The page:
Wednesday, March 19, 2014

A Hard Day's Blight

The Walking Dead now talk - and have library cards!

It's been a hard day's night, and I've been been working like a dog dealing with a bizarro alternate universe of humans known as library patrons. Though I was trained as a journalist, lately my missives about my job sound more like science-fiction prose describing the far reaches of the cosmos. I swear, I can't make this stuff up...

The Scorpion Lady
A woman came in tonight asking about the status of her movie "hold". 

"Remember that one I was talking about?" she said, assuming that I could remember an alleged transaction from months ago and that I hadn't helped anyone else with "holds" in the interim. I replied that, sorry, I didn't recall it. (I love it when people you helped a long time ago come in and say stuff like "That book I wanted come in yet?" like it was yesterday; Janice, a woman I last saw two years ago, when I had security escort her out of the building for pulling plugs out of a public computer ("It's OK, I took an online course and am an expert in computers" she assured me, to which I replied "Great, practice on your own personal computer!"), actually asked me that recently.)

Of course, she didn't have a library card but, exhibiting a modus operandus I've noticed in many idiot savants, had memorized her library card number. And, of course, she had no holds. (Maybe she placed a hold in the astral plane. Who knows?) She was looking for Woody Allen's Curse of the Jade Scorpion (2001) because she claimed her sister's house in Ellicott City appears in it - but she didn't have a VCR, a DVD player, a computer, or a TV set to watch it on.

I told Scorpion Lady that a) we don't own a copy b) no library in the state has a copy available for loan (though I placed an interlibrary loan request out-of-state for her) and c) we don't have viewing stations and, no, if she does score a copy she can't come down to the library to watch it at the PC on my desk. She then whined that she wasted a trip riding the bus down to the library "around all those smelly people." I suggested perhaps she should call first next time. But, natch, she doesn't have a phone.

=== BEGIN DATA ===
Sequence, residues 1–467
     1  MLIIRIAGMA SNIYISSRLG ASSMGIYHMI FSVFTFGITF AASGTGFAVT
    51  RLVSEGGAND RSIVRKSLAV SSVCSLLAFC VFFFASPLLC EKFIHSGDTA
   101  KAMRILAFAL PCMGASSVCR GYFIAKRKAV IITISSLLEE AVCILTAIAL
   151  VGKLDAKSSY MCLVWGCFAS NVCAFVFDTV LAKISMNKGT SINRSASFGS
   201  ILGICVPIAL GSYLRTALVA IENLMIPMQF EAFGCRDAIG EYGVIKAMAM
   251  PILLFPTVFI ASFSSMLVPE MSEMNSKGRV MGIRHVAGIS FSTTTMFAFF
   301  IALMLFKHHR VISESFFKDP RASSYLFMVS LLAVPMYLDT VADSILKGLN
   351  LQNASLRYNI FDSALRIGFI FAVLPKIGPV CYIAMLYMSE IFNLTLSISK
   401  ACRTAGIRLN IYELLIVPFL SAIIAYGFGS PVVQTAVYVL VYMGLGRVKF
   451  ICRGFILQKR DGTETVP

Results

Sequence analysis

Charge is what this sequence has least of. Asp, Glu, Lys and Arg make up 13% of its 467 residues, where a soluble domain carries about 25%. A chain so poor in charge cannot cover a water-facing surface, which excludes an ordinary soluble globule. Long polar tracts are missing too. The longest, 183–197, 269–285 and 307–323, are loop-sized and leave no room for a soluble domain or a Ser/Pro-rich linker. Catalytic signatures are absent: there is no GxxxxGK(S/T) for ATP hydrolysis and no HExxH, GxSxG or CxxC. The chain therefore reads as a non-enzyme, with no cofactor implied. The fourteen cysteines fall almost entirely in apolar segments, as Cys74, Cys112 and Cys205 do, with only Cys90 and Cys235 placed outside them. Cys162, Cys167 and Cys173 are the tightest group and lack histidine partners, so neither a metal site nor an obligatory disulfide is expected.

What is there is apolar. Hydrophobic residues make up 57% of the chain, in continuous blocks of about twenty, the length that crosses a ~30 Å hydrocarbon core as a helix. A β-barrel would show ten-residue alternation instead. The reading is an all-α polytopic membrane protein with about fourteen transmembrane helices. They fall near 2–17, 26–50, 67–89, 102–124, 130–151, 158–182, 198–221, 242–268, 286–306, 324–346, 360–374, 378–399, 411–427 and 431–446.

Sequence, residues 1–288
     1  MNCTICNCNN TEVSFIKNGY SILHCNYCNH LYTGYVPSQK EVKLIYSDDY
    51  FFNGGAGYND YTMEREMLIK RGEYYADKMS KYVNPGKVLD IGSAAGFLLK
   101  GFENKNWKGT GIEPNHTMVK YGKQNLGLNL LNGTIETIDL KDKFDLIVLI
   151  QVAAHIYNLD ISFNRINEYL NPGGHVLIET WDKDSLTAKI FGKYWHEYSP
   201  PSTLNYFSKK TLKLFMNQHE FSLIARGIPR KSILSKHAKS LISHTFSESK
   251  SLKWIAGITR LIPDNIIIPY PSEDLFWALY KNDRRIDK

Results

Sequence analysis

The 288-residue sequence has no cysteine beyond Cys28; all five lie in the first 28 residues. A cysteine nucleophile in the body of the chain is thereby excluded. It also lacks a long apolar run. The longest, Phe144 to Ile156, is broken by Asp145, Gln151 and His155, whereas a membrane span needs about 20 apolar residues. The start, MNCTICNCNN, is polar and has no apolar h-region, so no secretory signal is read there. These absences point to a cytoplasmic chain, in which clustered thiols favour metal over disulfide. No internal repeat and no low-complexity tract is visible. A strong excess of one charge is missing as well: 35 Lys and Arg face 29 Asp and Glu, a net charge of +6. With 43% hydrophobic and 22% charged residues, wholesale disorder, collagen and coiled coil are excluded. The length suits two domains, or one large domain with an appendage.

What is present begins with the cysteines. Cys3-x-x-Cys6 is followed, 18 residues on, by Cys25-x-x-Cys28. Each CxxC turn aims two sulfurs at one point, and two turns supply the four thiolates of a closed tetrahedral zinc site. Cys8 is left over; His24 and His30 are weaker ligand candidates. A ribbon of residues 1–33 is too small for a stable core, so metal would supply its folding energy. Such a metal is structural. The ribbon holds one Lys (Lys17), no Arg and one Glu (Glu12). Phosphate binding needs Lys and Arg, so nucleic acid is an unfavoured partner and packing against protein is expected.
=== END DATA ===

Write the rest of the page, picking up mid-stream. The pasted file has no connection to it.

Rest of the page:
She then asked if I would sign her up for Netflix though she doesn't have any platform to watch anything she would get from them. Is it just me, or was she kinda needy?

(Upon reflection, I feel kinda guilty that I didn't use my credit card to sign her up for a Netflix account or invite her over to my house to watch this movie, as I know how important it must be to see a 10-second shot of her sister's house in it.)

I thought it was rather odd that the New York City-based Woody Allen would have shot a film in Maryland - that is, the old pre-World Tour (Barcelona, London, Paris, Rome, San Francisco) Woody of the Noughties - so I subsequently looked up the film on the Internet Movie database and learned that The Curse of the Scorpion Lady was filmed in New York (natch), Long Island and Los Angeles. Maybe her sister moved. Maybe her sister moved to My Sister's Place. Who knows?

The Snake Man

Then some rough-looking guy with wild hair and a cigarette stub tucked behind his ear (who reminded me of Taxi's Reverend Jim Ignatowski, minus the charm) and wearing a mud-encrusted camouflage jacket and baggy, decomposing pants, came in 5 minutes before closing.